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Sadat v. American Motors Corp.






Appeal from the Appellate Court for the First District; heard in that court on appeal from the Circuit Court of Cook County, the Hon. Richard L. Curry, Judge, presiding.


Rehearing denied November 30, 1984.

Plaintiff, Roxanne Sadat, filed a complaint for injunction against defendant, American Motors Corporation (AMC), in the circuit court of Cook County. Plaintiff alleged a breach of her automobile's full AMC warranty and sought a mandatory injunction, compelling AMC to replace her automobile and pay attorney fees and costs pursuant to the Magnuson-Moss Warranty Federal Trade Commission Improvement Act (commonly known as the Magnuson-Moss Warranty Act) (Act) (15 U.S.C. § 2301 et seq. (1976)). The circuit court dismissed plaintiff's complaint for failure to state a cause of action for injunction. The appellate court upheld the circuit court's dismissal of the complaint. (114 Ill. App.3d 376.) We allowed plaintiff's petition for leave to appeal. 87 Ill.2d R. 315(a).

This appeal presents one question: Must a complaint for injunctive relief, seeking to obtain remedies authorized by the Act, include allegations of irreparable harm and an inadequate remedy at law?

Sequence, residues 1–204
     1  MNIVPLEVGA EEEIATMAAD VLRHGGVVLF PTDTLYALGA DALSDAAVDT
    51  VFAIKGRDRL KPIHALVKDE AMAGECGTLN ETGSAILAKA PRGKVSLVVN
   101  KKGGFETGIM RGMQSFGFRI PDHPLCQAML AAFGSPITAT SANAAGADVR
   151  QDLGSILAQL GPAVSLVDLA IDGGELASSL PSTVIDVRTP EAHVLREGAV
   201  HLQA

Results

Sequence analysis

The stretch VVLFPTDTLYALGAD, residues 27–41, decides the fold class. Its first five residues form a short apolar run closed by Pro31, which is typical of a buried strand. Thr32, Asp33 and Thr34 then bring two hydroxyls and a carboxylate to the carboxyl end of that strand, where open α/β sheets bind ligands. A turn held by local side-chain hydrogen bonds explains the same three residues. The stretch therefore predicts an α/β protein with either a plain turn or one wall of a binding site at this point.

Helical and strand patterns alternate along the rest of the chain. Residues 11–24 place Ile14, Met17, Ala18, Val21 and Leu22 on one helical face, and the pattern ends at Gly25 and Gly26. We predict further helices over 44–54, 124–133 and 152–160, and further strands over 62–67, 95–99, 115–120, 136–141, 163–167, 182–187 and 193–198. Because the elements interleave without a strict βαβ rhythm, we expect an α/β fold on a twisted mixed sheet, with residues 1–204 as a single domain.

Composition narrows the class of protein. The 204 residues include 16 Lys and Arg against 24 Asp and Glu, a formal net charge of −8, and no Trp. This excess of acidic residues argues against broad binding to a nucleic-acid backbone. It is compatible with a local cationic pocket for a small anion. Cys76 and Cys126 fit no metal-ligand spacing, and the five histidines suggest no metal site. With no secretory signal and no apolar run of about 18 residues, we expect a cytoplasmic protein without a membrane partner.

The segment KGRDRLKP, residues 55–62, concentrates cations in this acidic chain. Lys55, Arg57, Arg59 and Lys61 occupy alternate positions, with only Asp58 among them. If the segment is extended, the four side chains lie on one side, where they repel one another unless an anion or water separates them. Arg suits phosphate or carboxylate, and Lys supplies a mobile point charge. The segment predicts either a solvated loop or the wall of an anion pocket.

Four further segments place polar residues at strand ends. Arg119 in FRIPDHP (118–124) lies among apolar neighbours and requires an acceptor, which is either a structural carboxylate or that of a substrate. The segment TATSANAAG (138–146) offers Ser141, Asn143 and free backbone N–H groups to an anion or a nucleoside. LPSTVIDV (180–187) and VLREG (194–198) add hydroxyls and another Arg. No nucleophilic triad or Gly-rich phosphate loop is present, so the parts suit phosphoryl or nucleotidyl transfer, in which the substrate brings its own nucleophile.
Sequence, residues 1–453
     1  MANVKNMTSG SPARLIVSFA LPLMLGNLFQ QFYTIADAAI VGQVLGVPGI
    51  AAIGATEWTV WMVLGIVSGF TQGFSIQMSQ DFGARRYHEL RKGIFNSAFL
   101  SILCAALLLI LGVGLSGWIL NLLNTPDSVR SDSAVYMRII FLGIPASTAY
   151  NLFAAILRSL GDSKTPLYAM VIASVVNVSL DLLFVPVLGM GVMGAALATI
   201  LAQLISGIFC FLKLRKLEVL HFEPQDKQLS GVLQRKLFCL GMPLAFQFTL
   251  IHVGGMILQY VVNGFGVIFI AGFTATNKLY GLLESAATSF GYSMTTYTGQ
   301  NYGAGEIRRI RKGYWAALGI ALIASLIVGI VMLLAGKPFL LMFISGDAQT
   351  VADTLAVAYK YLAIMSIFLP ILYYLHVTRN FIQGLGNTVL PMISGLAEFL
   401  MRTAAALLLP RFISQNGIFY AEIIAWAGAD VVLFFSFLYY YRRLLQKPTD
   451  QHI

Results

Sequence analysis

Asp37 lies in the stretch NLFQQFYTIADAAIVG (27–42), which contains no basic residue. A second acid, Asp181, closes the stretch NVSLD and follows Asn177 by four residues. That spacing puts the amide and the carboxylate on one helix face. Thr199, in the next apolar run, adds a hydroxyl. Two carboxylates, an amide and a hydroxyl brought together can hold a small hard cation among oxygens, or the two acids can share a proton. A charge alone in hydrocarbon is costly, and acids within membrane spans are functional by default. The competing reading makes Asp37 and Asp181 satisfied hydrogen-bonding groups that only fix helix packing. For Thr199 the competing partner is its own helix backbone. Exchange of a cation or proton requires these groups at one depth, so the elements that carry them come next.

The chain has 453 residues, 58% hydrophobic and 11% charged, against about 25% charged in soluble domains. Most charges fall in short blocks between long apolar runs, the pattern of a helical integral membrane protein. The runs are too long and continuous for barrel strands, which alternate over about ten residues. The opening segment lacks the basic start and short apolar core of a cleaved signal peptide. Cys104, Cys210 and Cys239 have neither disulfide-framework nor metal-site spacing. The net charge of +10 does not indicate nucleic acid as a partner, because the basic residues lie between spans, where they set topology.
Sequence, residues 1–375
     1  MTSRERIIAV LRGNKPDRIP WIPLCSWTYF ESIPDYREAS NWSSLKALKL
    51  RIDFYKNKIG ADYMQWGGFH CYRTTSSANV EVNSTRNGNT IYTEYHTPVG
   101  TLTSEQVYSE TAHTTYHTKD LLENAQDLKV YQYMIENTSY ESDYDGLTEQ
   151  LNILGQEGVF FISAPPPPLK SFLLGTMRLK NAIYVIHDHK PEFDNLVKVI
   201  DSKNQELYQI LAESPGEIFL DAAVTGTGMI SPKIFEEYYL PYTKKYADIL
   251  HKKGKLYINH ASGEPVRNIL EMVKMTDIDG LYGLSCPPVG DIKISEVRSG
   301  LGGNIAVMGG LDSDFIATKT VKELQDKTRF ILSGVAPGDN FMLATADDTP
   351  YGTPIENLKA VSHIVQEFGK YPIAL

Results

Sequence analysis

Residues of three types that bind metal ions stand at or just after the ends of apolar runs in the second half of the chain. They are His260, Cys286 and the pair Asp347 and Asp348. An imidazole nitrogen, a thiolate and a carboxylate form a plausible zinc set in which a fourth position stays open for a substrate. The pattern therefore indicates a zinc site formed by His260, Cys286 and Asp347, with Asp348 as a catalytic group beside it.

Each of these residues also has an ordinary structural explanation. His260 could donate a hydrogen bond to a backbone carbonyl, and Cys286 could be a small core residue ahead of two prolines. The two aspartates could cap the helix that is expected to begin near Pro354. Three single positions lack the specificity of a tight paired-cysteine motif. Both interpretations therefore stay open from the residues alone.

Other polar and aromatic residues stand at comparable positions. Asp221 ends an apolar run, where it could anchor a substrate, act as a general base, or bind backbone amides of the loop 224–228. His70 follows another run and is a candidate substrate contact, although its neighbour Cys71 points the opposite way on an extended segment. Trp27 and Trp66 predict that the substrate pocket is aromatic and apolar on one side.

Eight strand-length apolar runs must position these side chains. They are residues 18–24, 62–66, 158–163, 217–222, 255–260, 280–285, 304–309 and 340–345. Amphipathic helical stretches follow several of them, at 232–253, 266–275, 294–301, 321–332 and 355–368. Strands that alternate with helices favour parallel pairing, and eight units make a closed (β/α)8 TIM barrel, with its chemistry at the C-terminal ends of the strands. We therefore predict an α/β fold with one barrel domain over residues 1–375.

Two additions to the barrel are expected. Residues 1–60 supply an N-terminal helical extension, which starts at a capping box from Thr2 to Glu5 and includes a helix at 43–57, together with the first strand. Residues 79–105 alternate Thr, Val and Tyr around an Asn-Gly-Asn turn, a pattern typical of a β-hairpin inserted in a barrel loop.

Plaintiff's complaint for injunction indicates that she entered into a retail installment contract with an AMC dealer for the purchase of a new 1979 Concord, manufactured by the defendant. A written "1979 Full 12-Month/12,000 Mile New Car Warranty" was issued to the plaintiff at the time of purchase. The complaint reveals that while the car was under warranty it was plagued with a number of serious mechanical defects. The engine leaked oil. The steering column vibrated excessively. The transmission would slip from park to reverse while the car was stopped. The engine dieseled when the ignition was turned off. The brakes would intermittently fade or were difficult to engage. An exhaust-like odor was apparent in the automobile.

Although the plaintiff took her automobile to an AMC dealer seven times, mechanics, authorized by the defendant to make repairs under its warranty, were unable to remedy the defects. At this point, plaintiff requested a replacement automobile, without charge, pursuant to section 104(a)(4) of the Act (15 U.S.C. § 2304(a)(4) (1976)). When the defendant refused to honor this request, plaintiff filed the complaint for injunction, without alleging that her remedy at law was inadequate and she would suffer irreparable harm if injunctive relief were not granted. The prayer for relief specifically requested the court to order the "Defendant to replace Plaintiff's automobile with a new, 1979, 2-door, Concord automobile, or a comparable or superior automobile, or its cash equivalent."